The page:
both students and faculty.
LITTLE MAN ON CAMPUS
Results Forth-coming?
Granted that the campus library
facilities are not yet satisfactory, but
the situation is needlessly compounded
by those who refuse to return books on
the proper date. Unfortunately, the offenders of this type dwell in both student and faculty ranks, and while the
former may be coerced through fiancial
penalization, no such system seems to
be in effect towards the faculty. A
lamentable situation therefore grows
worse.
The variety continues. Maintenance
men who seem unable to locate the
brakes at stop signs, students who
"crash" mixers (in the more literal
sense) via. windows, destroy telephones
and cigarette machines at random; . . .
and the list could continue.
Obviously, none of these offenses
are of great import to anyone, but collectively they inconvenience, aggravate
and offend others on the campus.
So let's watch the little thini. -
"Post-Graduate Scholarships Are Real Hard To Come By"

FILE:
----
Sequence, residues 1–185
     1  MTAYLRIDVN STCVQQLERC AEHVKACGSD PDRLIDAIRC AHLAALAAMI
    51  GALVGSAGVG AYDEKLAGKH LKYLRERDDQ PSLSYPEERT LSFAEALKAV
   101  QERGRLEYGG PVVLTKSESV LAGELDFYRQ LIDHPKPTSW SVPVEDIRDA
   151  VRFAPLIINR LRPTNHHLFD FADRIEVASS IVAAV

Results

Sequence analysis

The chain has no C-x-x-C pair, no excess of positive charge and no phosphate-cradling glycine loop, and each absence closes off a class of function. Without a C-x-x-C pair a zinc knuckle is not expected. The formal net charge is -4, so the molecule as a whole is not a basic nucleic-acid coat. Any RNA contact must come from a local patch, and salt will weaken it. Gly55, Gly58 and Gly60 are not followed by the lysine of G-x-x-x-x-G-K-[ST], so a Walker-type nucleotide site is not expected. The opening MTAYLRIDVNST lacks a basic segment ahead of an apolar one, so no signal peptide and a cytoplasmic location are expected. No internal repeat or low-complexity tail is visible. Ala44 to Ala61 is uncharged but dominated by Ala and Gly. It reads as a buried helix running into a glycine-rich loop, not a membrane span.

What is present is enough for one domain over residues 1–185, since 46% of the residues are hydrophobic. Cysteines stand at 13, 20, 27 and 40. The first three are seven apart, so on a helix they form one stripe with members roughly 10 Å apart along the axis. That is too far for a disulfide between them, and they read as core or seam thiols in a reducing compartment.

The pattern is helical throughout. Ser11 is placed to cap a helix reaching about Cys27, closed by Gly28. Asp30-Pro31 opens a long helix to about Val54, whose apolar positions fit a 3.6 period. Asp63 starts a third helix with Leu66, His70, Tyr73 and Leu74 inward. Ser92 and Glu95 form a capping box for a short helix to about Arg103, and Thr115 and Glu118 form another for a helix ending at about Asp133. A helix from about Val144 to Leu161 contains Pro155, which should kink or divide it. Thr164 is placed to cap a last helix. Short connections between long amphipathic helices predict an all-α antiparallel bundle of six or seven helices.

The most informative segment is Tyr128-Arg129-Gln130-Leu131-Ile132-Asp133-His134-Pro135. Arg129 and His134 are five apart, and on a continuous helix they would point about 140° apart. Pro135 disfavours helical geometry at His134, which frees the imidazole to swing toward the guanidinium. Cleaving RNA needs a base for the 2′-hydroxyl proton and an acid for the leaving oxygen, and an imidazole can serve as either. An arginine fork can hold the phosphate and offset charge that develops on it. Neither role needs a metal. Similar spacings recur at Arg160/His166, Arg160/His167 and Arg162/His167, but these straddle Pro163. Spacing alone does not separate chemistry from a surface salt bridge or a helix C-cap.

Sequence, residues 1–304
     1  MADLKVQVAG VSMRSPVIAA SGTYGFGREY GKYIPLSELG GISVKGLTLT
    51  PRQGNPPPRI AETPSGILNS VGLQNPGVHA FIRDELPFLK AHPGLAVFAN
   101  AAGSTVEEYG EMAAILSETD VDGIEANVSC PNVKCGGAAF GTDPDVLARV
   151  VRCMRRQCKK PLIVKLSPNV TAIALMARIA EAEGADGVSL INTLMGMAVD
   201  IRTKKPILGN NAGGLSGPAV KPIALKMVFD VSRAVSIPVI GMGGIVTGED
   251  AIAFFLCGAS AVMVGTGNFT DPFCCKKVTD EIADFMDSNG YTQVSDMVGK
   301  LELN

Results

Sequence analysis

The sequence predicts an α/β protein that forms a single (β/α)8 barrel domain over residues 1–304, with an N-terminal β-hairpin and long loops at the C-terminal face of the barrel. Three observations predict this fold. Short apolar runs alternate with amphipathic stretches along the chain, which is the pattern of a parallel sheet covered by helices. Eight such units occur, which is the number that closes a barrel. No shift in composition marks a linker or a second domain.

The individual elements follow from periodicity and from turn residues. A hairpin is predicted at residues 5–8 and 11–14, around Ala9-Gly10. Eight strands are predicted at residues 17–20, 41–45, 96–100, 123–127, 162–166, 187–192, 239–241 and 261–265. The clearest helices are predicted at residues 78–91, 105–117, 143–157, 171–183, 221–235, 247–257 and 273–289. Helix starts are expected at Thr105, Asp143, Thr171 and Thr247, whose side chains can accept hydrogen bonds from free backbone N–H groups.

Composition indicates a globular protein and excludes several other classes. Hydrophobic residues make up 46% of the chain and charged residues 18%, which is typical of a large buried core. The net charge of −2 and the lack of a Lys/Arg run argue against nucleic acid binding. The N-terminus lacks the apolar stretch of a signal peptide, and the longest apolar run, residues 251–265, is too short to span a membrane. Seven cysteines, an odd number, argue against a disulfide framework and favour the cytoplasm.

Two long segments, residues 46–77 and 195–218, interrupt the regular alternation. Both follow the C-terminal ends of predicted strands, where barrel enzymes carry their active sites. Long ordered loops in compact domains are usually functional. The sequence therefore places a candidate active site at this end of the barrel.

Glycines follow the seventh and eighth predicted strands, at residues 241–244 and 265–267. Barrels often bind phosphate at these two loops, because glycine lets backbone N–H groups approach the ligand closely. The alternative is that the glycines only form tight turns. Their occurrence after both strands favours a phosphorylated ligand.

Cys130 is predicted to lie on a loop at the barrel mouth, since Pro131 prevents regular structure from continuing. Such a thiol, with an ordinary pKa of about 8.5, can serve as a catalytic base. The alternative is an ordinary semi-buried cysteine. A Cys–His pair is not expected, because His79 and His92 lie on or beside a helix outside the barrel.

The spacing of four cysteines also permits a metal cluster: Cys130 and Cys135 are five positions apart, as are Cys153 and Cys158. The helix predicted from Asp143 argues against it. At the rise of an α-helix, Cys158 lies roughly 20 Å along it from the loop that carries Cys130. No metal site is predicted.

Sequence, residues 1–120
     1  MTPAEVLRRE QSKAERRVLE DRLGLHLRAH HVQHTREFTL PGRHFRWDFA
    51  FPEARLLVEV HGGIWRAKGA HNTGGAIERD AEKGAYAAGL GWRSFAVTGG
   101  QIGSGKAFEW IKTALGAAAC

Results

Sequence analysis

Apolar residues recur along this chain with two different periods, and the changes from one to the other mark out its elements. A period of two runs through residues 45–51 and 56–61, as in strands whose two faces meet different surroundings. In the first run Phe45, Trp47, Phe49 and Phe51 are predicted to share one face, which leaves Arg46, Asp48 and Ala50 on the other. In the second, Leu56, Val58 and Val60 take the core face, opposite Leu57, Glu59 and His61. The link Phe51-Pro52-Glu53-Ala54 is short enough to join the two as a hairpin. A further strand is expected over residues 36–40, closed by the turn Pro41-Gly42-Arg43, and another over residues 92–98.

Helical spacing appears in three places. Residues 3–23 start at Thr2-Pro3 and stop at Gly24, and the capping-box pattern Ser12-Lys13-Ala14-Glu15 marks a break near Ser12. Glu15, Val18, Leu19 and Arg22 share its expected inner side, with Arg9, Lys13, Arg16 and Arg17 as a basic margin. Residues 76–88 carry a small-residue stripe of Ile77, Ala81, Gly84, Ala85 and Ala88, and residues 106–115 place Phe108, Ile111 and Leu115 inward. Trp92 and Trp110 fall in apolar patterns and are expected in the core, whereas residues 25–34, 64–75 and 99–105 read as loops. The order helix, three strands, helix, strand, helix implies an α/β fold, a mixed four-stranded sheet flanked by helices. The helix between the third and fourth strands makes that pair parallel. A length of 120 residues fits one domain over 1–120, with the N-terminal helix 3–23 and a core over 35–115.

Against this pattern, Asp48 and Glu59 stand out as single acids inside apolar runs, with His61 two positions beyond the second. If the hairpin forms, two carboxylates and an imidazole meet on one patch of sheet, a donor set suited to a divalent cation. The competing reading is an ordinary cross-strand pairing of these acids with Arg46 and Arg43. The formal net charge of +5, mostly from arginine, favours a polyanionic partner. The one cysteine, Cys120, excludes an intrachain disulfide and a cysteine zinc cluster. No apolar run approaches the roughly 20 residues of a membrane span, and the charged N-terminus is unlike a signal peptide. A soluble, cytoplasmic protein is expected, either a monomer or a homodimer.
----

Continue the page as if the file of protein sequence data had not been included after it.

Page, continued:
THE COWL. OCTOBER 5. 1 X €
3
• 11111111111•• 11• 11• 1111111111111111• 111• 11111ti11111111111111111111111111111111111111IJ_ .Applications
For
\ Select. Service
| Placement Test
On
The
Aisle
=
Applications for the Novem=
- 18 and 19. 1966 administra5 tions of the Selective Service
5 1 College Qualification Test are
"" now available in the Registrar's
Office.
By L. BRUCE PORTER
L How come you've been getting
•uch twinging computer dates?
1
Don't get me wrong
The sion was of how enjoyable inWrong Box is really rather sanity can be when it ia
funny, but I am certain it is not fully filmed: and "artful" is the
The photoa great movie. What the pro- right word here.
ducers have done here is to at- graph}' is certainly not •arty'
tempt a polite libidinal frolic or experimental: however, it
—a Victorian and therefore dis- was always artful in the sense
creet Tom Jones. But every- of being tasteful and especially
The very
thing is too discreet: what is pleasing to the eye
the identity and relevance of opening scene and an ecstatic
» r d i n g to Educational
"falling
in
love
sequence"
were
the mysterious and rather unService, which p i
funny Dr. Pratt; t h e plot is so examples of exciting and meand
administers
the College
loose that when you come to morable cinematography.
Qualification Test for the Sclec
Though Peter Sellers is given
the end you wonder where and
tive Service System, it will be
when it all began.
The pace prominent billing as the mad greatly to the student's advan